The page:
On my way to the coffee shop after dropping off Javi, I listen to talk radio, preferably NPR, but really anything with words not set to music. The topics are wide and varied and I like the break from my usual thought obsessions (potty training, cleaning my house, resourcing options, coaching teams). I like that sometimes I end up thinking about something that doesn’t seem to be related to my life but ends up being an important perspective shifter.
This morning’s topic was investing in art and it got me thinking about values and how we inhabit our lives and money, adding and expanding the thoughts I’ve been processing here.
Long story short: I’m ready to be an investor, not a spender or acquirer or hoarder*.
I feel like I’ve moved beyond spending, which to me implies throwaway, disposable, use up and replace kinds of things. Now I’m an acquirer, happy to prove I can by buying anything that might mean something. Now, though, I’m ready to invest my money in things and people and experiences. Going to the beach was a great use of this year’s bonus, investing in family time and giving my son a beach experience.
I really like this perspective, even on a small scale! Every morning now, I drop off Javi and head to a coffee shop to buy overpriced coffee and work. When I add up the cost, I’m spending about $80 a month, but upon consideration, I’m investing in myself and my productivity. See, I don’t do well when I’m home all the time. Like my son, I struggle with abrupt transitions and need both clear delineations between worlds AND a graceful passage between them. Dropping him off, driving five minutes to a coffee shop, and sipping my coffee while I think and ponder and plan has been such a great improvement to my daily patterns, far more impactful than all the money I’ve put into sprucing up our basement office.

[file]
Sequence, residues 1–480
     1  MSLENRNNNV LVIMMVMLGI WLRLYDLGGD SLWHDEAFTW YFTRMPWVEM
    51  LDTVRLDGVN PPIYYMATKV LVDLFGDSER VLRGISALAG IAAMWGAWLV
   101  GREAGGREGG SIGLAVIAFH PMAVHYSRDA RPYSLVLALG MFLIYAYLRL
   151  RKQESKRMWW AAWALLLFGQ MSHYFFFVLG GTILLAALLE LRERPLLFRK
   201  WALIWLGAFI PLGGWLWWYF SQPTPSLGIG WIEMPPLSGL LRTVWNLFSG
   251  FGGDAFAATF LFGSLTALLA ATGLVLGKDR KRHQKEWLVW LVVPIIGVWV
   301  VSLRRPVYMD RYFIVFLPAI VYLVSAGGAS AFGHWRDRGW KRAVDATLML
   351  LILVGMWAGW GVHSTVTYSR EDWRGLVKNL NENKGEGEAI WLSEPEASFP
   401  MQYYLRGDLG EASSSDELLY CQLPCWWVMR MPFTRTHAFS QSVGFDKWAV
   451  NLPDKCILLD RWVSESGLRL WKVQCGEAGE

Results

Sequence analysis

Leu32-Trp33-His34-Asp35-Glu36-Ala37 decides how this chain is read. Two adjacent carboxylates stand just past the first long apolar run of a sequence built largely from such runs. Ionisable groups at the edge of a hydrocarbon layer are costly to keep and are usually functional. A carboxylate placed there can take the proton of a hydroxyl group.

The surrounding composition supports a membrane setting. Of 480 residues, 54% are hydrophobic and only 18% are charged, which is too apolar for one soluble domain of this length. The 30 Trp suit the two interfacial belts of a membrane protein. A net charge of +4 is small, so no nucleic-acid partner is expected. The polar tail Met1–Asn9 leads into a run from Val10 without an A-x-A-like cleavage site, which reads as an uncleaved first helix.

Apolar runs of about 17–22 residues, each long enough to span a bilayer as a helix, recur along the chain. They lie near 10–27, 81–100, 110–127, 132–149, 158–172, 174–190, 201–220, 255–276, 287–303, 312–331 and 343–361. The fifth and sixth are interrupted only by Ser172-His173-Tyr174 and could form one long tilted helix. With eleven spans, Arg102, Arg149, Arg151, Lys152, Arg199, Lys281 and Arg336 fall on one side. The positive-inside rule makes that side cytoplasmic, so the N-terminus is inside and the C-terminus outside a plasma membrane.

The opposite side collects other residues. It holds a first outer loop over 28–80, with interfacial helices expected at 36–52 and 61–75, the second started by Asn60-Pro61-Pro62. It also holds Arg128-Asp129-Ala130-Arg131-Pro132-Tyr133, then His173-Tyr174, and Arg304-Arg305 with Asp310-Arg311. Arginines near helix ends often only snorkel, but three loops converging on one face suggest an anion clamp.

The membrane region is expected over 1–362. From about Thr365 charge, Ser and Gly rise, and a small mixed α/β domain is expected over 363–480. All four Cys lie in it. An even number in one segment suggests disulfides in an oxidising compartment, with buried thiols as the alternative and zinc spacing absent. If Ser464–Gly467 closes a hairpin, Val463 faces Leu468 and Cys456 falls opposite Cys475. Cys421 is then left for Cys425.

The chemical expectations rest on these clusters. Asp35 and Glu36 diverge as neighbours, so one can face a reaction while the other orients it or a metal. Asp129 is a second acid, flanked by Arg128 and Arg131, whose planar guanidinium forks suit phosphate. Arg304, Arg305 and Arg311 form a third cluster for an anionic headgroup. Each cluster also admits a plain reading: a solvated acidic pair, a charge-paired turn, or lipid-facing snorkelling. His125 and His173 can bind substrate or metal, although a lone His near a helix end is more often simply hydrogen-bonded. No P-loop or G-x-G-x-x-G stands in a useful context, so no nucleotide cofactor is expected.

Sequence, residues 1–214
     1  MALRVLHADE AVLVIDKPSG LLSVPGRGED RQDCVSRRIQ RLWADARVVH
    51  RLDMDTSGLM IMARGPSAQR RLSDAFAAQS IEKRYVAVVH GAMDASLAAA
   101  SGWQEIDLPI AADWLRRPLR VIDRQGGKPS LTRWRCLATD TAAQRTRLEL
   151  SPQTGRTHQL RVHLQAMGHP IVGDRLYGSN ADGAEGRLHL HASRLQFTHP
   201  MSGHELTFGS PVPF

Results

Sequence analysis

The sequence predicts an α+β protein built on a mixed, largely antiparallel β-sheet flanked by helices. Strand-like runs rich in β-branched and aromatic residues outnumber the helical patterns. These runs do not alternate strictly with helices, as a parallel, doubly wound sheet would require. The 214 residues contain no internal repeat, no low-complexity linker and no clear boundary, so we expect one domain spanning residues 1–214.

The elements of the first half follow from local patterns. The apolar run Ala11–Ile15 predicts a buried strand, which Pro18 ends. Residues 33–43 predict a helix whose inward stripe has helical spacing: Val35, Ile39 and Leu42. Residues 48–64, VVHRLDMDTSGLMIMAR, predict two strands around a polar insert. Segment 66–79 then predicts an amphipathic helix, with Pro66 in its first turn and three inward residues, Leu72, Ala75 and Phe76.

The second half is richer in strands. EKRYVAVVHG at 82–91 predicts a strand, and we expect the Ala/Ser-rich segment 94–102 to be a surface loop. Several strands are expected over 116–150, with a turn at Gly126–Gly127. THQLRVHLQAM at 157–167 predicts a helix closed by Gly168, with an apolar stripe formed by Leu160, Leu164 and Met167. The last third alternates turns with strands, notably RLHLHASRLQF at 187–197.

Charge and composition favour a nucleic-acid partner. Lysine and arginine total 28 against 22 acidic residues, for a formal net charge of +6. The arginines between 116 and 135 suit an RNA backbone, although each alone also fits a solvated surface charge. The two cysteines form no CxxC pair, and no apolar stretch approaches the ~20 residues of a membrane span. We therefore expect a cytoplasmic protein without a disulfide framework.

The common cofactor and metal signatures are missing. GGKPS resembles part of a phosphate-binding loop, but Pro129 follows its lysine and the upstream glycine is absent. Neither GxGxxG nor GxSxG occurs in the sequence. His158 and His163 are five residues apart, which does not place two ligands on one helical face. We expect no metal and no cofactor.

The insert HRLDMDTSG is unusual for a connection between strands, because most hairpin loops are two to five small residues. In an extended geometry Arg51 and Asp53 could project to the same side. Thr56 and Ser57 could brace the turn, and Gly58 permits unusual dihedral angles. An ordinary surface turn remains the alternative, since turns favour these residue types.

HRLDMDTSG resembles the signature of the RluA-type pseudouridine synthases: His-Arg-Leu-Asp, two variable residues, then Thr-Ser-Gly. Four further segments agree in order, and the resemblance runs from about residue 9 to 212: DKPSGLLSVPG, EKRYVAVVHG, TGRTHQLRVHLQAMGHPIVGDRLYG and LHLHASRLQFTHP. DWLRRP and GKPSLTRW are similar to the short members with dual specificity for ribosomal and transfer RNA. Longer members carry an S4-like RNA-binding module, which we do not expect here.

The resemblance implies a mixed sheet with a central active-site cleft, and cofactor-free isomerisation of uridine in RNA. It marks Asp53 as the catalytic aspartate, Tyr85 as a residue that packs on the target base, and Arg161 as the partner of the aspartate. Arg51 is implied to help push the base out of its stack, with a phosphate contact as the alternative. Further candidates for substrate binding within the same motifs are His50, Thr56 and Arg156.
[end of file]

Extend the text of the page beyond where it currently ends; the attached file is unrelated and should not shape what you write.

Finding a good method for myself has helped me provide similar structure for him. I’ve noticed that this summer’s 3pm pick up time is really hard for him because he’s fresh from a nap and hasn’t had time to himself before having to do things again (get in the car, get buckled in, go to the potty, change clothes, do this, do that). When we picked him up during the school year at 4:30, he had time to wake up, have a snack, and play outside on his own before having to follow rules again. Noticing his challenges because I had finally solved my own led us to a better transition strategy: we now pick him up from school and head straight to a park 2 minutes away for some quiet time. He has a snack and pokes around in the picnic area while we sit quietly, and when he’s ready and happy again, we move on to the rest of our schedule.
My $80 a month seems like a great investment from that perspective!
*I’m not actually even close to being a hoarder, and I’m uncomfortable when people use what is a real and critical psychological problem as a cheap descriptor, but my husband is fond of calling me one (pot, meet kettle) so I make the reference tongue-in-cheek.